“Can History Be Open Source?”

This is slightly off topic, but we thought some of you would be interested in an article that CHNM Director Roy Rosenzweig just published in the Journal of American History. Entitled “Can History be Open Source? Wikipedia and the Future of the Past,” the article attempts to ascertain both the usefulness of Wikipedia as an historical resource in particular and the potential of peer-produced history in general. In many ways, the Mozilla Digital Memory Bank is CHNM’s attempt to prove that potential as we hope to build a permanent archive of Mozilla history mainly through voluntary contributions from members of Mozilla community itself. As Olivia mentioned in the previous post, we will be conducting a set of traditional oral histories to supplement and provide context for the collections, but our real hope is that your contributions of email, chat transcripts, blog posts, digital photographs, and documents will form the core of those collections.

Good luck to Olivia and Ken, who will be spending the week in the Bay Area interviewing community members, and thanks to all of you who are taking time out to help us.



We’ve added the first of 14 interviews that we’ve conducted over the past few months to the Mozilla Digital Memory Bank. Check out this interview with Darin Fisher from March 2006.

In the coming weeks and months we will be adding the other interviews we’ve conducted. Also, Ken and I will be in Mountain View next week and hope to interview as many people as possible while we’re there.

Many thanks to Darin and to everyone else who has taken the time to talk with us!



We’ve started to receive some really great content from users here at the Mozilla Digital Memory Bank.  To date seven files have been uploaded, and if you browse via the map interface, you’ll notice that the site is now officially international (hopefully intercontinental isn’t far behind).  Most recently, Steven Garrity added several sketches made on notebook paper, which led to the creation of the Firefox logo.  Neil Marshall and AndyEd have contributed screenshots documenting other historical moments in the story Mozilla’s development.  These are great artifacts and are exactly what will make this project succeed as a central repository for Mozilla-related objects.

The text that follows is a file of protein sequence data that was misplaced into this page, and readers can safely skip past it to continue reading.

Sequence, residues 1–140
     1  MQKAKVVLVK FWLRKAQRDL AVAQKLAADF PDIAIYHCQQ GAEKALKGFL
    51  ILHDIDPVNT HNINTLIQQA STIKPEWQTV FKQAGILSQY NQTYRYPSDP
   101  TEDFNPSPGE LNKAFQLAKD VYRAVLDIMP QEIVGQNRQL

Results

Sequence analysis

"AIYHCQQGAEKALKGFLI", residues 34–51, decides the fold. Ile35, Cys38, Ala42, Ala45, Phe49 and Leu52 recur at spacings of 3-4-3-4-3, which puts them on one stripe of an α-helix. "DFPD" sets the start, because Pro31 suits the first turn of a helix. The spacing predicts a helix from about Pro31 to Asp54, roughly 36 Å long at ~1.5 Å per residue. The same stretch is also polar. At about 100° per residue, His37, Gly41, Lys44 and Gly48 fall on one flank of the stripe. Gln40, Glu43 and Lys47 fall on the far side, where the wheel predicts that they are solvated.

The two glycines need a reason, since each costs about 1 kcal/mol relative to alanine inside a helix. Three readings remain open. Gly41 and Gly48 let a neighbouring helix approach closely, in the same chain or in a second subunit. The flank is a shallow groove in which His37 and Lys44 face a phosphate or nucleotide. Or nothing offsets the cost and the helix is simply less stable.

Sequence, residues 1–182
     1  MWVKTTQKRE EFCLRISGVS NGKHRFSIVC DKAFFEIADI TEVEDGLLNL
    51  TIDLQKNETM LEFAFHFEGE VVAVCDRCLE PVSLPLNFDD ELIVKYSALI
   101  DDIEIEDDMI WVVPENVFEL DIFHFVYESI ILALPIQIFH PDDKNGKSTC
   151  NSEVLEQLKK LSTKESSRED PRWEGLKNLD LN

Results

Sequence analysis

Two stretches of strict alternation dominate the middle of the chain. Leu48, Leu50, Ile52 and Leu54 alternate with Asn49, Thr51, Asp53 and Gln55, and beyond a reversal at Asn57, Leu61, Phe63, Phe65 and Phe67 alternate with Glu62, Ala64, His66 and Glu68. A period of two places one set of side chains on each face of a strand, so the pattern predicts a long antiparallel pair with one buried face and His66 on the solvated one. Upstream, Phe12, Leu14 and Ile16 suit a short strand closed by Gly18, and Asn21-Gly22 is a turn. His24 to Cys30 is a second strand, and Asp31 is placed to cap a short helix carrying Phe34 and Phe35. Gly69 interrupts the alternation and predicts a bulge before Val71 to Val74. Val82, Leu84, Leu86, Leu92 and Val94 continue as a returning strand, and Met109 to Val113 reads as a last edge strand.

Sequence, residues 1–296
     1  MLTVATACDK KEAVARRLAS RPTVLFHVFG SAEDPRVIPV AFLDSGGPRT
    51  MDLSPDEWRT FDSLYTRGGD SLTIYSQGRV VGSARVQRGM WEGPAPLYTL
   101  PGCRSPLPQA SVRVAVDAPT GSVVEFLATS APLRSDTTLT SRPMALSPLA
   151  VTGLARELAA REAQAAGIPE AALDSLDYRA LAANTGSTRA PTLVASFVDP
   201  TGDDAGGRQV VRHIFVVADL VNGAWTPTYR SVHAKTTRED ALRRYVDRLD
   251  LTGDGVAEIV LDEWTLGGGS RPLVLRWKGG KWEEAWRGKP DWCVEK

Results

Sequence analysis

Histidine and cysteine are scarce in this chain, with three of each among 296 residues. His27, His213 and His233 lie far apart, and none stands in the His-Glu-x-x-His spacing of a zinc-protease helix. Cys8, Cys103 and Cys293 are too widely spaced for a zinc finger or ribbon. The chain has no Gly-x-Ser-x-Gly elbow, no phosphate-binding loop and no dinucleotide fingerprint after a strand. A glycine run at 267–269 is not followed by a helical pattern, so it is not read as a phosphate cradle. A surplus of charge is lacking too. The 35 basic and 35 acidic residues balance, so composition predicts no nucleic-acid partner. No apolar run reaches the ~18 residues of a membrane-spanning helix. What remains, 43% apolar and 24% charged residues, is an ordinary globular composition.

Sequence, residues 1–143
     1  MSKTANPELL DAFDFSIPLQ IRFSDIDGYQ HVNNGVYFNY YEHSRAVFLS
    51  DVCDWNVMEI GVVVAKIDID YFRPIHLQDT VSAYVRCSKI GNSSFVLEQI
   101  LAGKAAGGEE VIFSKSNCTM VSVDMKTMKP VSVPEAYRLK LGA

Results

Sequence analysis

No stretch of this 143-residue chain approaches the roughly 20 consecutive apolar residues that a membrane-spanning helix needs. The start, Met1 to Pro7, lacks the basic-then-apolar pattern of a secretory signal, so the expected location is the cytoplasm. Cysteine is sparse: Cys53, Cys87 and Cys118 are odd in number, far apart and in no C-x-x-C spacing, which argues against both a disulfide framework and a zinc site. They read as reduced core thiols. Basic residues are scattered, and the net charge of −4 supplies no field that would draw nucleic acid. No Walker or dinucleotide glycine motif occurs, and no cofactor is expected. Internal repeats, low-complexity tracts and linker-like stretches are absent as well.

Thank you to all who have added to the DMB, and we look forward to many more.

On the Map

The Mozilla Map is now quasi-functional and has been integrated into the site (replacing, sadly, the fun map mock-up). Because few of our archive entries are geo-coded, the map is relatively sparse (get to it, people!). Also, there are some bugs to be worked out, including the map’s search function, but we’re getting there.

The completion of this portion of the site puts us one step closer to full functionality! The timeline is still under construction, so enjoy the Men At Work while you can…

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